Prohibitions

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What is different? The smells and the temperature, I think at first. Then come the noises, so unique in each place, the grayness of the winter sky or the dark shade of the water in a river that runs through much of Europe. What, really, is new? I keep asking myself while trying a taste here, or shaking some hands, for the first time, there. The music perhaps, the sound of the tram braking at the stop, the snow piled up along the sidewalks, the spring flowers struggling to bloom even though the worst, perhaps, awaits them from the frost. Where is the strangeness? In the church bells that seem to compete at the marking of every hour, or in certain houses of such antiquity that seeing them makes the constructions in Old Havana look young.

But neither the profusion of modern autos, nor the WiFi signal that lets me connect to the Internet almost anywhere, are the real novelty for me. Nor are the kiosks full of newspapers, or the shops with bulging shelves, or the dog who, on the Metro subway platform is treated like the lord and master of the situation. The strange thing is not the friendliness of the clerks, the near absence of lines, the gargoyles with their claws and sharp teeth protruding from the walls, or the steaming wine that is drunk more to warm the body than to please the palate. None of these sensations, first-time or almost forgotten, over a decade without traveling, are what marks the difference between the Island I now see in the distance, and the countries visited on this occasion.

The principal contrast lies in what is and is not permitted. Since I got off the first plane I was expecting someone to scold me, someone to come out and warn me, “You can’t do that.” I look for the glance of the guard who will come to tell me, “Taking photos is not allowed,” the grim-faced cop who shouts at me, “Citizen! Identification,” the official who cuts off my passage while saying, “You can’t enter here.” But, I’m not about run into any of those characters so common in Cuba. So for me, the big differences are not the delicious seeded bread, the long-lost beef that now returns to my plate, or the sounds of another language in my ears. No. The big difference is that I don’t feel I’m permanently marked with the red badge of the outlaw, the whistle that surprises me in something clandestine, the constant sensation that whatever I do or think could be prohibited.

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264 thoughts on “Prohibitions

  1. AMNESTY INTERNATIONAL URGENT ACTION DOCUMENT – CUBA: FURTHER INFORMATION: PRISONER OF CONSCIENCE ON HUNGER STRIKE: CALIXTO RAMÓN MARTÍNEZ ARIAS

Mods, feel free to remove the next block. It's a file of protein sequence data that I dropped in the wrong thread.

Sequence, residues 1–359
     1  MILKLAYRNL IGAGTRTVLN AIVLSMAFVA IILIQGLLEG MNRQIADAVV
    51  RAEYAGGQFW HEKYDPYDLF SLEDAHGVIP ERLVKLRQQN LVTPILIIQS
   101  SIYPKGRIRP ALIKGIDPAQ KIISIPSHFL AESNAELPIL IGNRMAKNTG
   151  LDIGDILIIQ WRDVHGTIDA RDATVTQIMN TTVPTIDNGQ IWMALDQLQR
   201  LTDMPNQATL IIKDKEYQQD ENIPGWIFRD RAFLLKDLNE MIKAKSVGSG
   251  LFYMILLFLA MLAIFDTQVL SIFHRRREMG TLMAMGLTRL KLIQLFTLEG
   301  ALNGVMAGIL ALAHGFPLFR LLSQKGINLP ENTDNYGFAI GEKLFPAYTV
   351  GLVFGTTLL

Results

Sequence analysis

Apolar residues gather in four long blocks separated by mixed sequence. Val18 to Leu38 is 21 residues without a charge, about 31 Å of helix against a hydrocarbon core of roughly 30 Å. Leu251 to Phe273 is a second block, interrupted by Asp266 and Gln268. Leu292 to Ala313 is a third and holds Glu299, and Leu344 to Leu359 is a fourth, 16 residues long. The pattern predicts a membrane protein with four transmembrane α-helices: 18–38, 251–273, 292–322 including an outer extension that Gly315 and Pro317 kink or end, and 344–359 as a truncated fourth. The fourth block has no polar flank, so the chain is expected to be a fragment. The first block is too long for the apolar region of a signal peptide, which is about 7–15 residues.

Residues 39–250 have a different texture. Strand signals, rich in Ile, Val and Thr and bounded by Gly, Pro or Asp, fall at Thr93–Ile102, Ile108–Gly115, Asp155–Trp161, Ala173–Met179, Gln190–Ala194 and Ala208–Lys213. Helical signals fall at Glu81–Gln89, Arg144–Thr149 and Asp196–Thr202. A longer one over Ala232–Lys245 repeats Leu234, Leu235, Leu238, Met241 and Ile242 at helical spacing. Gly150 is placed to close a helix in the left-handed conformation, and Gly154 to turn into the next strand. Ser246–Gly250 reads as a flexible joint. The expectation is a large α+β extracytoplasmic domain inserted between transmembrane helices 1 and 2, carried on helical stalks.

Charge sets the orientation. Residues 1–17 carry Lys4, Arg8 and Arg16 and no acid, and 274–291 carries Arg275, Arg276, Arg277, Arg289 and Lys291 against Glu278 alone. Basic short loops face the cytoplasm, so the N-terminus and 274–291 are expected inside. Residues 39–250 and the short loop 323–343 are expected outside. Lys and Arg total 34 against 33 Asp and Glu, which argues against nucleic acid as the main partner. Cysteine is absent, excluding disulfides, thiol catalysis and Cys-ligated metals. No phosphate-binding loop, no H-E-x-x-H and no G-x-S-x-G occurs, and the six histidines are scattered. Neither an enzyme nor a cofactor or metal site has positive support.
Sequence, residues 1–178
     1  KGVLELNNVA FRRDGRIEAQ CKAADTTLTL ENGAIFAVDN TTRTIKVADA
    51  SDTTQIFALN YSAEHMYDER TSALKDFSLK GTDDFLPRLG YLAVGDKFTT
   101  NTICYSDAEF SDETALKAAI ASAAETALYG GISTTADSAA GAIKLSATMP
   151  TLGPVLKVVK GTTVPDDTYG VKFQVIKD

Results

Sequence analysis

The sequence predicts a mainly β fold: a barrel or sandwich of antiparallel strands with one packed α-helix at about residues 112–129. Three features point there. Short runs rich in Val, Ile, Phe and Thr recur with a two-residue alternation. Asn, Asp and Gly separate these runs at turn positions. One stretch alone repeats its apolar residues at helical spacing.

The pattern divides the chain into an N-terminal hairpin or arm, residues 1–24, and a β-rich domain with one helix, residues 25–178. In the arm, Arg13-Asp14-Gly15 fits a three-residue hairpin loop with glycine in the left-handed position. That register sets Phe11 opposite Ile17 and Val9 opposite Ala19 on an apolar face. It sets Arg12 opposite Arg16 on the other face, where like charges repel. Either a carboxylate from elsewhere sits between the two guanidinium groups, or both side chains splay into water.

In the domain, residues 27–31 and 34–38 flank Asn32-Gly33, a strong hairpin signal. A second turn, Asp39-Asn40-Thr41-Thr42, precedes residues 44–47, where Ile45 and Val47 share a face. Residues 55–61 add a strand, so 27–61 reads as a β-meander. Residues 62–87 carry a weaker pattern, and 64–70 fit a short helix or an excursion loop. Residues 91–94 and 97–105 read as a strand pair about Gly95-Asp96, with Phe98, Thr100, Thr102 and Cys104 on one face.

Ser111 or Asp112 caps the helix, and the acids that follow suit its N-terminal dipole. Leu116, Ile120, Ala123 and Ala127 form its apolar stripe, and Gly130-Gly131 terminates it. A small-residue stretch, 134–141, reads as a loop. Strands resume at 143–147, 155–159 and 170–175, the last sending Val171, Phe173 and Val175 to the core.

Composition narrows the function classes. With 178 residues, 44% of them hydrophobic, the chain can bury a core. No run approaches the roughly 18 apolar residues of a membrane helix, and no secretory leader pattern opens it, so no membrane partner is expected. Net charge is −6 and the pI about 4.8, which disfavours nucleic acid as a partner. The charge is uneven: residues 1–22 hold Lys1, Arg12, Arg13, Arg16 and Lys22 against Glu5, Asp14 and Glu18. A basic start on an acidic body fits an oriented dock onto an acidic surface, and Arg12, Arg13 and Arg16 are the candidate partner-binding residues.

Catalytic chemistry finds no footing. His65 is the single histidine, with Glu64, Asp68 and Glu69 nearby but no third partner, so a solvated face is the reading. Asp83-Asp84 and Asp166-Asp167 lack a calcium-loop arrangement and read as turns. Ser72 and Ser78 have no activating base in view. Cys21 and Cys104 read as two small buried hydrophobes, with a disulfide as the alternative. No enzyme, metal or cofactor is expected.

Further information on UA: 25/13 Index: AMR 25/002/2013 Cuba Date: 14 March 2013
    Independent journalist and prisoner of conscience Calixto Ramón Martínez Arias is on hunger strike to protest against his detention in Cuba. As a result, he has been placed in solitary confinement in a punishment cell. On 6 March, journalist Calixto Ramón Martínez Arias went on hunger strike to protest against his detention in Combinado del Este prison on the outskirts of Havana, Cuba. He was consequently transferred by the prison authorities to a punishment cell. According to his relatives, the small cell where he is now held has no light, toilet facilities or bedding, and he is not permitted to leave the cell to exercise in the open air. These kinds of punitive measures are typically used by the Cuban authorities against prisoners on hunger strike. Calixto Ramón Martínez Arias is yet to be formally charged by the public prosecutor, and according to his relatives he is reportedly being accused of “disrespect” (“desacato”). Amnesty International believes Calixto Ramón Martínez Arias’ detention is politically motivated and related to his peaceful exercise of freedom of expression.

    Please write immediately in Spanish or your own language:

    CLICK LINK ON HOW YOU CAN HELP CALIXTO!
    http://www.amnesty.org/en/library/asset/AMR25/002/2013/en/f2ef351c-54ab-43cb-a99e-0c39b3e9adab/amr250022013en.html#.UUNwMtFK0Zc.twitter

  2. BLOOMBERG NEWS: Yoani Sanchez Sees Faster Change in Cuba Post-Chavez – By Bill Faries

    Cuban dissident blogger Yoani Sanchez, on her first visit to the U.S., said the death of Venezuelan President Hugo Chavez will help fuel economic changes beyond the government’s control on the Caribbean island.

    “In recent months the pace of change has been accelerating, and not because of the government’s efforts,” Sanchez said in an interview today at Bloomberg’s headquarters in New York. “The death of Hugo Chavez and the possible reduction of Venezuelan subsidies is one variable accelerating this change. We’re in uncharted territory.”

    Sanchez, who will meet lawmakers in Washington next week, said Castro’s economic changes to date have been too small because the government is concerned greater economic freedoms will weaken its political power. She dismissed Castro’s Feb. 24 statement that he’ll leave power after his current term ends in 2018, saying that he’s already had 54 years in power as president and second-in-command under his 86-year-old brother, former President Fidel Castro.

    Her New York visit, part of her first foreign travel after more than five years of seeking permission to leave the island, follows Castro’s decision in January to ease some travel restrictions. Not all dissidents have been allowed to leave, and Sanchez said she fears what may happen to her or her family when she returns to Cuba.

    Messages and e-mails to press officials at the Cuban Interests Section in Washington and the Foreign Ministry in Havana weren’t immediately answered.